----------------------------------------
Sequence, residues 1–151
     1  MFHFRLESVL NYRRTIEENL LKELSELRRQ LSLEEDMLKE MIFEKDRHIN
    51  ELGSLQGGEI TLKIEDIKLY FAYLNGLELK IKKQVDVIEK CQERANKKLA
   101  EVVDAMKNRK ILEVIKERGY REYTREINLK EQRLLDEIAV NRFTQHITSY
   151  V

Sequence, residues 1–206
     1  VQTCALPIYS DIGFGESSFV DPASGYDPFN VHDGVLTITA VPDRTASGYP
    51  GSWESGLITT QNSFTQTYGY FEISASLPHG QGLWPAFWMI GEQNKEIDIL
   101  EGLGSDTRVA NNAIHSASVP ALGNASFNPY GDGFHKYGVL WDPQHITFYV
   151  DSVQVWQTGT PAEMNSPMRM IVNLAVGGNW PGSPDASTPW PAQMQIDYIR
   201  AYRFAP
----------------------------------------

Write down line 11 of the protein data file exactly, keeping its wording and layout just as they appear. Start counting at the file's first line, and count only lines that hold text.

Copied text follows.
   201  AYRFAP